The Conservatives have kept control of Lewes District Council’s cabinet after Liberal Democrats abstained from electing a co-operative alliance leader.
In its first meeting since the local elections earlier this month, Lewes District Council met on Monday (May 20) to elect a new council leader responsible for appointing a cabinet team.
Before the meeting, Green Party group leader Cllr Zoe Nicholson had called on other opposition parties to form a co-operative alliance and back her leadership bid, in an effort to block the Conservatives – the largest single political group on the council.
While Cllr Nicholson’s plan was backed by the Labour and Independent groups, Liberal Democrats abstained from voting, leading to the election of Conservative Isabelle Linington as council leader.
Addressing councillors after her election, Cllr Linington said: “Thank you to everyone for electing me as leader. It is a big responsibility, I will take it very seriously.
“I want to work with all the political parties and groups on the council. It doesn’t matter to me where a good idea comes from. If it is a good idea we will support it, i’m a pretty straightforward person in that way.
“I can assure you all the decisions I and the cabinet will make, will be in the best interests of all our residents.
“I hope all councillors will work with me to enable us to all to provide best services, best environment and best future development we possibly can.”
She replaces fellow Tory Andy Smith, who led the authority before the election but failed to retain his East Saltdean and Telscombe Cliffs seat.
While good news for the Conservatives, Cllr Linington’s election has been met less favourably among opposition groups.
In a statement released after the meeting, Cllr Nicholson criticised the Liberal Democrats from abstaining on the vote.
She said: “The Liberal Democrats actively obstructed the proposed move to put people, planet and place ahead of party politics. This leaves the Conservative administration still leading the council, even though they have no overall majority”.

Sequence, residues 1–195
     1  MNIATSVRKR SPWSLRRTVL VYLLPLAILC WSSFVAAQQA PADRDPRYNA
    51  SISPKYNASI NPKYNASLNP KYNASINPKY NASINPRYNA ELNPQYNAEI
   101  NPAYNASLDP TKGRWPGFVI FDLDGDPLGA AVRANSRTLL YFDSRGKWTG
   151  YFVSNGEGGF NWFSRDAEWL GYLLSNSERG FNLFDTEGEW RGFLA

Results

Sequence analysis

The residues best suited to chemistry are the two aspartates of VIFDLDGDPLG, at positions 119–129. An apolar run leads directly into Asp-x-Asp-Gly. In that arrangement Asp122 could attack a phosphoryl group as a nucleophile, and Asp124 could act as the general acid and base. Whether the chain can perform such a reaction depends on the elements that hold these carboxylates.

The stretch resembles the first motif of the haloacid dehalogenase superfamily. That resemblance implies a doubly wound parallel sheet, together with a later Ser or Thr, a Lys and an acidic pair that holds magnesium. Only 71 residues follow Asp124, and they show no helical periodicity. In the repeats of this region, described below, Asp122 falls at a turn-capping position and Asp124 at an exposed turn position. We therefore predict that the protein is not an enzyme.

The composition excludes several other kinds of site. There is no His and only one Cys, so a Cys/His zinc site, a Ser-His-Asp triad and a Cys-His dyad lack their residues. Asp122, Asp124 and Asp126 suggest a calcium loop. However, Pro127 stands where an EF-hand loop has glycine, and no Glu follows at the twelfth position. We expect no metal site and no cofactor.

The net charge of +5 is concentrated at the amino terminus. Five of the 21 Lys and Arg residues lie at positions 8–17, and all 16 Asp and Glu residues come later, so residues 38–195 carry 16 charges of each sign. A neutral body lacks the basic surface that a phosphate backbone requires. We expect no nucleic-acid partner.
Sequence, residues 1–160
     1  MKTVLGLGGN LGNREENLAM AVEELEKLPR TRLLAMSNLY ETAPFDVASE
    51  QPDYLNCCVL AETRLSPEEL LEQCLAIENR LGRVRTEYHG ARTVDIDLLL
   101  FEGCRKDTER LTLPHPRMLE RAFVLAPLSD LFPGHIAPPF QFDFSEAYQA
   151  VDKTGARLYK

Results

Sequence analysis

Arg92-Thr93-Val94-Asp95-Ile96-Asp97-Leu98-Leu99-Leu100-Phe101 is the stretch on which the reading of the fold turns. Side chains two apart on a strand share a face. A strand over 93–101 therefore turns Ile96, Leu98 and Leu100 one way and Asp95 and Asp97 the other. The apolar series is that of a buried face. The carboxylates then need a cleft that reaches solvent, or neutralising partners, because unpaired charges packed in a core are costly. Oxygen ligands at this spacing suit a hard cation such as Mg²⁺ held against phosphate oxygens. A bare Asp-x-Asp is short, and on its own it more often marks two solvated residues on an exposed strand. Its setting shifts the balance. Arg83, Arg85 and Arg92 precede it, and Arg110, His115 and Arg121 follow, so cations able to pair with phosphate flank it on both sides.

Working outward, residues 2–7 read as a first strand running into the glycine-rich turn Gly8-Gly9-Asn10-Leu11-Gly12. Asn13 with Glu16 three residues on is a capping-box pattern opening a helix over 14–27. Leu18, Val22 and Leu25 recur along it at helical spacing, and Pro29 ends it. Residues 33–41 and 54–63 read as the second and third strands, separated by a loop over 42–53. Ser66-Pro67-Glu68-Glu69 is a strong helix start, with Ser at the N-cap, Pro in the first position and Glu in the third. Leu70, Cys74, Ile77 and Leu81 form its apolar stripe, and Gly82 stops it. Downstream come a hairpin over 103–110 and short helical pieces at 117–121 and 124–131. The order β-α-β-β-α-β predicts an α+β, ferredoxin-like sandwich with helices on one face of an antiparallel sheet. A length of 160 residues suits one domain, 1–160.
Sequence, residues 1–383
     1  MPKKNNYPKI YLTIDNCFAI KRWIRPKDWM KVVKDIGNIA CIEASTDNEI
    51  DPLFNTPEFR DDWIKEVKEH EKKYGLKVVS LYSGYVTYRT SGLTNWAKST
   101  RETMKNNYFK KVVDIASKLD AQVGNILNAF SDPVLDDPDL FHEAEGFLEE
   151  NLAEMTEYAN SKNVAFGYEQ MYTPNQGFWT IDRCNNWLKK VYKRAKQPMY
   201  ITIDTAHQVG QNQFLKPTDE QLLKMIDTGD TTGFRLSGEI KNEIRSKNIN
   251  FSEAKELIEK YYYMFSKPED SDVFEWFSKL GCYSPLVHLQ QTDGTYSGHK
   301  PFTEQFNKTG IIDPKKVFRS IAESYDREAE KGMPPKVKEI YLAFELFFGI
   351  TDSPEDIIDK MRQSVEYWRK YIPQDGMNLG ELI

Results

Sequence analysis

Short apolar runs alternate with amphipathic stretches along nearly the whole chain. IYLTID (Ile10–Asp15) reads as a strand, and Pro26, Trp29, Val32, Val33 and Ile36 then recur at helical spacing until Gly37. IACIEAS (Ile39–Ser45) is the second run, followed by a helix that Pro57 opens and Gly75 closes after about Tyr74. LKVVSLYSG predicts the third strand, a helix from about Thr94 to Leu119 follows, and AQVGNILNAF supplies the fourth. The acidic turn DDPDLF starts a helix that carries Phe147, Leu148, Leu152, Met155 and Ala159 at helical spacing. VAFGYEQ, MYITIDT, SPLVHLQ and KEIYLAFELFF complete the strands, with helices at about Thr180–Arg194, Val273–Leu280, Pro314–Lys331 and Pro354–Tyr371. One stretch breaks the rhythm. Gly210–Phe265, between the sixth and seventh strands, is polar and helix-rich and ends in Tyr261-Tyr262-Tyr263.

“Within minutes of the vote, the Lib Dems took to social media, trying to portray this as a crude self-serving power grab on the part of the Greens. It was anything but.
“Over two weeks of cross-party talks, we met every one of the Liberal Democrat group’s requests: for equality in decision making, for the chance to implement their manifesto, and those of the Labour and Independent groups.
“We agreed to them taking over the leadership of the Council in a year. Every one of their ideas and needs we built into the agreement.
“Greens put people first and party second. The Lib Dems had a chance to do the same, and they turned it down flat.”
Speaking to the LDRS, Cllr Nicholson added that she ‘had not given up’ and hopes to continue work on forming a co-operative alliance.
Labour group leader Chris Collier also expressed disappointment with the result of the vote.
He said: “We’re hugely disappointed with the outcome tonight.
“All the opposition groups have been working really hard to come to an agreement. However even in the absence of a final agreement between all parties we needed to be in unity this evening.
“With the numbers split the way they are, any abstention was always going to enable Conservative leadership.”
The Liberal Democrats, however, painted the vote quite differently, saying their abstention was down to Greens ‘rushing into half-baked plans’.
Group leader Cllr James MacCleary said: “We opened the door to the Greens as widely as we could but I’m afraid they don’t seem ready to negotiate sensibly at the moment.
“I reiterate that we remain open to finding ways to create a progressive alliance to run the council and hope very much the Greens will engage positively with that.
“Liberal Democrats have extensive experience of collaborative working and also of running local authorities – indeed we were running Lewes District Council as recently as 2011.
“We know that any successful administration needs detailed agreements on issues and policies, and agreed terms of working.
“The Greens were not interested in settling any of that before making a bid for power. We are not interested in entering into an alliance that just collapses after a few weeks because we did not take the time to put in place the foundations.”
Signs of cross-party opposition emerged later in the meeting, however, with Greens and Liberal Democrats supporting each others’ candidate for a series of council appointments to outside bodies.
Many of the roles had been contested by both parties but (after a 20 minute adjournment for some last minute horse-trading) many of these candidates were withdrawn to offer a single opposition candidate.
In appointing her cabinet, Cllr Linington named Joe Miller, the newly-elected councillor for Peacehaven West, as her deputy leader and cabinet member for regeneration and growth.
Jim Lord (Seaford North) was appointed cabinet member for strategic development, Phil Davis (Peacehaven North) as member for finance and corporate, while Liz Boorman (Seaford West) was appointed member for communities and partners.
Meanwhile Ron Maskell (East Saltdean and Telscombe Cliffs) was named as cabinet member for housing and Tom Jones (Ditchling and Westmeston) was appointed cabinet member for planning.
Cllr Linington retains her role as cabinet member for environment.